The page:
2018-06-07 / Nature

State Not Immune to Natural Disasters

By Charles Avenengo

Earlier this week, all eyes were on Tropical Storm Alberto, which struck the Gulf Coast. As June 1 marked the beginning of the official hurricane season, Alberto was a little early.

Many people would be surprised to learn that the local region also receives tornadoes. Granted, they are rare, but they do occur. Since 1787, 13 tornadoes have been documented in Rhode Island.

The worst on record occurred on Aug. 7, 1986 when the state experienced its only multi-tornado day as three touched down in Rhode Island during a 24-hour period. The outbreak began in Cumberland. In mid-afternoon, a tornado carved out a path of destruction for a half-mile and damaged trees and power lines. Fortunately, there were no injuries.

An hour later, a supercell moved over Cranston and Providence. With winds registering up to 157 miles per hour, it was recorded as an F-2 tornado on the Fujita scale, which is a measurement of tornado severity based on the degree of observed damage.

The damage included a flipped truck, a house lifted off its foundation and deposited a few yards away and a large jewelry manufacturing plant losing its top floor. More than 6,000 homes lost power and there were 20 injuries, but no fatalities.

The following morning, a third twister shocked the state. This tornado left a six-mile trail of damage from Burrilville to North Smithfield that did not result in any injuries.

In Newport County, the lone tornado occurred on Sept. 15, 1972. It was a minor twister that formed in Jamestown and capsized two boats. It then headed east across Narragansett Bay toward Fort Adams, where it swirled up dirt and sand before dissipating east of Aquidneck Island. Most assuredly, at some point, local sailors have also spied waterspouts, but none have been recorded. A waterspout is a waterborne counterpart of a tornado.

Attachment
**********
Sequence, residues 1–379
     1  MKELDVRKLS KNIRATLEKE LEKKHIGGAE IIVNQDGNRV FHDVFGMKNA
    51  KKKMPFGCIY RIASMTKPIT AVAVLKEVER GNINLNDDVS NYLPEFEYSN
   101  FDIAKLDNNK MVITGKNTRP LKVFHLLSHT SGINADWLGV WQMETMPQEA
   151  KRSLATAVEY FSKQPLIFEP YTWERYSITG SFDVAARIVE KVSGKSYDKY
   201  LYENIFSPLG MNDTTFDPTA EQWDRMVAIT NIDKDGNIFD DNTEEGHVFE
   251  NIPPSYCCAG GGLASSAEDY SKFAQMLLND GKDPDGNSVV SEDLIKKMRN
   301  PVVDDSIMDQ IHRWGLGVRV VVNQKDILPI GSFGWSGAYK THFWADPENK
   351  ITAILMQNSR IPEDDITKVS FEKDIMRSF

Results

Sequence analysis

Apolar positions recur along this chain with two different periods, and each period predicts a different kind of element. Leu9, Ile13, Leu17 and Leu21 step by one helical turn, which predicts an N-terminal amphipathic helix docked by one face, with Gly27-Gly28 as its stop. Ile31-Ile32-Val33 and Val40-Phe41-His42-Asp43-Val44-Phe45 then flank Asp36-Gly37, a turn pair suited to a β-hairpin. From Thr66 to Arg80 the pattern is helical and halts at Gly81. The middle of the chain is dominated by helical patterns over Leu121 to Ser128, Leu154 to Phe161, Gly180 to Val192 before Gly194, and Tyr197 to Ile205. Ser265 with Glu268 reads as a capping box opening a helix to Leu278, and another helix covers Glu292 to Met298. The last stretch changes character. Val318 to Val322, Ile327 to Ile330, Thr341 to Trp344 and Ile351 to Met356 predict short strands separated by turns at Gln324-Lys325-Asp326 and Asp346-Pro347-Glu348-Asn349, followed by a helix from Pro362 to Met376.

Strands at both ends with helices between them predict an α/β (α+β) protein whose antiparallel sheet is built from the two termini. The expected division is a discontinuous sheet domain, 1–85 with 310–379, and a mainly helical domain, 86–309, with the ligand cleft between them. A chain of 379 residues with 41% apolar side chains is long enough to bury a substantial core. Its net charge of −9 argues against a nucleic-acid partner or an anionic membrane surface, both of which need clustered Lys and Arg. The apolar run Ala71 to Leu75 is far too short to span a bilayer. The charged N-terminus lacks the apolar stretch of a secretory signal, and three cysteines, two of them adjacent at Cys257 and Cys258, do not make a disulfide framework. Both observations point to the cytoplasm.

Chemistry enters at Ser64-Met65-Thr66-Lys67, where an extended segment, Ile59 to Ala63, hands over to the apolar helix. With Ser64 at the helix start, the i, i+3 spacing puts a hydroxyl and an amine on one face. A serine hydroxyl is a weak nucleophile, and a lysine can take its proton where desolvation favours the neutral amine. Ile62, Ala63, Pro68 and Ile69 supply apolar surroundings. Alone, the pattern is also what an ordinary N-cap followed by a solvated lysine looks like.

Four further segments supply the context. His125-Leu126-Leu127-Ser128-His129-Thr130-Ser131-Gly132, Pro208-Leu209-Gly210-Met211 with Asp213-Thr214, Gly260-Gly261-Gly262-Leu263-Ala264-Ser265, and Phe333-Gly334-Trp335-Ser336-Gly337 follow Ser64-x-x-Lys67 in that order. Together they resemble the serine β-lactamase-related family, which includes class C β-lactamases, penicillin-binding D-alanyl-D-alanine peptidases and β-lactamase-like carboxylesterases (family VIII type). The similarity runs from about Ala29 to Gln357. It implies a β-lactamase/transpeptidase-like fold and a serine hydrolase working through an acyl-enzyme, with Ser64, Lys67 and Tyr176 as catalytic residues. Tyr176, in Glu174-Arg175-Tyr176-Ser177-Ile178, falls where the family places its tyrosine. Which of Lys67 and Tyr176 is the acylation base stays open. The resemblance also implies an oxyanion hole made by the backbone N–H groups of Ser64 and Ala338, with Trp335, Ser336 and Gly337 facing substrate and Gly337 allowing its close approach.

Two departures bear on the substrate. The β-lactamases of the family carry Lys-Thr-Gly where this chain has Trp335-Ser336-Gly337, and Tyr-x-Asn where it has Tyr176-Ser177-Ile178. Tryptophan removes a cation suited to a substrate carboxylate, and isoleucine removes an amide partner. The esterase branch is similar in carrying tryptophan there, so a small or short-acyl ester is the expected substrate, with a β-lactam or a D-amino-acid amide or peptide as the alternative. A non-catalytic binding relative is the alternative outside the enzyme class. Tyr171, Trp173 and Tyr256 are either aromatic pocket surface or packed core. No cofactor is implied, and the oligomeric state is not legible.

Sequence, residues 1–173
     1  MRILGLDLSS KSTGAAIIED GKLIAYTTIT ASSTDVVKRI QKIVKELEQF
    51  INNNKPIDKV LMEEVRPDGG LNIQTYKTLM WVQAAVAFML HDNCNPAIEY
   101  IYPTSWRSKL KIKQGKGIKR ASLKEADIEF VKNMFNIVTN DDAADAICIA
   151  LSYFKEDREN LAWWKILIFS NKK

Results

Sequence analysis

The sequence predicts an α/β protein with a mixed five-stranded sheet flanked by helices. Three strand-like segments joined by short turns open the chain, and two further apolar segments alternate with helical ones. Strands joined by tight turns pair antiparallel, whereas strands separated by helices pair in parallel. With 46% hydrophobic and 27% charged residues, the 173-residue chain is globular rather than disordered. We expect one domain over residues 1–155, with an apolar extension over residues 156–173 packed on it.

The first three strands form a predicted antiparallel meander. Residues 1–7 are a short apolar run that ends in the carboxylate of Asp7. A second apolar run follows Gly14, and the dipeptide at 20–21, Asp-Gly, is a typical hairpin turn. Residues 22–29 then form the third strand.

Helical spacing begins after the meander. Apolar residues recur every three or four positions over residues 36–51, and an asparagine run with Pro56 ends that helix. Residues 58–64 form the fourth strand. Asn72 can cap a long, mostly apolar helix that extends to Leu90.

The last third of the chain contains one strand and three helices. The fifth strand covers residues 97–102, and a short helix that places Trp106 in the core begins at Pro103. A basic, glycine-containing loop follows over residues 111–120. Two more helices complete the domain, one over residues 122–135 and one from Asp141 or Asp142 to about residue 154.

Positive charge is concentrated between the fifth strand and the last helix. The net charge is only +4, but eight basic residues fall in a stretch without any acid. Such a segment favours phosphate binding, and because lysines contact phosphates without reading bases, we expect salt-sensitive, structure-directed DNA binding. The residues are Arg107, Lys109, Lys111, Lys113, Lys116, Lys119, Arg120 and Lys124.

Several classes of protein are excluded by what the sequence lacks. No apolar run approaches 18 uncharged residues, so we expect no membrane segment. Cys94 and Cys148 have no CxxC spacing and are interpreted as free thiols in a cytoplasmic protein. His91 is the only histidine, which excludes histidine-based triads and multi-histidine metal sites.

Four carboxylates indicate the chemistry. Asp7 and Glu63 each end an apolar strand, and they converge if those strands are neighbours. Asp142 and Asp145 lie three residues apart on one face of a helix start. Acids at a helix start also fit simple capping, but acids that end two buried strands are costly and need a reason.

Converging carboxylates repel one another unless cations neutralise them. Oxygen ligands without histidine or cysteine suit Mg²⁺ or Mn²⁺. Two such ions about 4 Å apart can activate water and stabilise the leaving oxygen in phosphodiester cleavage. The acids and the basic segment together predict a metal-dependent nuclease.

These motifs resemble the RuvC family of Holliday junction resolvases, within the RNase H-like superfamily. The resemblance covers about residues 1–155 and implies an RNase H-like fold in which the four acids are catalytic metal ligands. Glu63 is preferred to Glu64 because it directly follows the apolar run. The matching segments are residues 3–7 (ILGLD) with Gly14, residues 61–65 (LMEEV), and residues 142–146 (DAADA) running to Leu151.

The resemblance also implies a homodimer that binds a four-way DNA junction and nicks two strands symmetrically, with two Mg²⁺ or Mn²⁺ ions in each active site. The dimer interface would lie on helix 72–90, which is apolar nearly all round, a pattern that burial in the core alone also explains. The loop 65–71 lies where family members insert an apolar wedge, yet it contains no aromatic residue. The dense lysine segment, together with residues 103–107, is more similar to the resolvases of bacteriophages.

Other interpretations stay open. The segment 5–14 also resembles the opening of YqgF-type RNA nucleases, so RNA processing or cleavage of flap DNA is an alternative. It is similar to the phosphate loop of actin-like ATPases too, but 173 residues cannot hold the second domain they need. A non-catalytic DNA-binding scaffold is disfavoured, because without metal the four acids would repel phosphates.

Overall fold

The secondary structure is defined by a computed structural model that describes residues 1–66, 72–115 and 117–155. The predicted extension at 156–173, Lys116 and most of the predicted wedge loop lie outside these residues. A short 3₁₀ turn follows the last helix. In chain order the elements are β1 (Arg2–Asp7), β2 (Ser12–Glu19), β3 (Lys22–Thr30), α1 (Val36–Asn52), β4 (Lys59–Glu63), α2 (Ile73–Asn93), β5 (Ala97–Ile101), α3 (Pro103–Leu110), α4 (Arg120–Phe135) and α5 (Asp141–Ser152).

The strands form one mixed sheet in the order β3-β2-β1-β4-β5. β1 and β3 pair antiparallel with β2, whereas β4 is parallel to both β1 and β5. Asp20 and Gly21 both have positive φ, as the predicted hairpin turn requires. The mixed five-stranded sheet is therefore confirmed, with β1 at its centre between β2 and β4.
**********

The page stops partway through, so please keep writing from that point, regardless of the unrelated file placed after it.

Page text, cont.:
The United States receives 75 percent of the world’s tornados, with more than 1,000 storms annually. They strike primarily in the loosely defined area called “Tornado Alley,” which has a core centered in Kansas, Oklahoma and Northern Texas.

However, a combination of unique weather patterns enabled one of the worst tornados in American history to strike in Massachusetts. This was the Worcester Tornado that pummeled the city on June 9, 1953. The F4 tornado lasted 90 minutes and wreaked havoc over a 48-mile swath in Central Massachusetts. The damage, both in terms of human life and property, was staggering. Ninety four people were killed, 1,300 were injured and 4,000 buildings were damaged. Entire neighborhoods were flattened, and officials estimated there was $52 million of damage, which, allowing for adjusted inflation today, amounts to somewhere around $350 million.

At the time, it was the costliest tornado damage in U.S. history, and it left 10,000 people homeless. The 1,300 injuries were the fourth highest on record.

Ironically, 1953 was the first year that tornado and severe thunderstorm warnings were broadcast nationally. However, forecasters at the National Weather Service didn’t issue a tornado warning for this devastating storm for fear it would cause panic. Instead, they compromised with only a severe thunderstorm warning in the forecast. This miscalculation immediately led to the creation of the Storm Prediction Center that operates under the control of the National Weather Service. This nationwide radar/storm spotter system has since been attributed with saving thousands of lives.

Unlike hurricanes, when local communities generally have days to prepare, tornadoes are frequently only announced 15 to 30 minutes before striking.

So as the season of warm weather has descended upon us and we conduct innumerable activities outdoors, it is always a good idea to keep an eye on the sky.

As a side note regarding local calamities, after hurricanes and tornados, state records indicate 29 earthquakes have also rocked the Ocean State over the last century. The most severe was in 1951, when a magnitude 4.6 earthquake had its epicenter in North Kingstown. This tremor resulted in damage to 8,000 buildings with more than 100 that were beyond repair.

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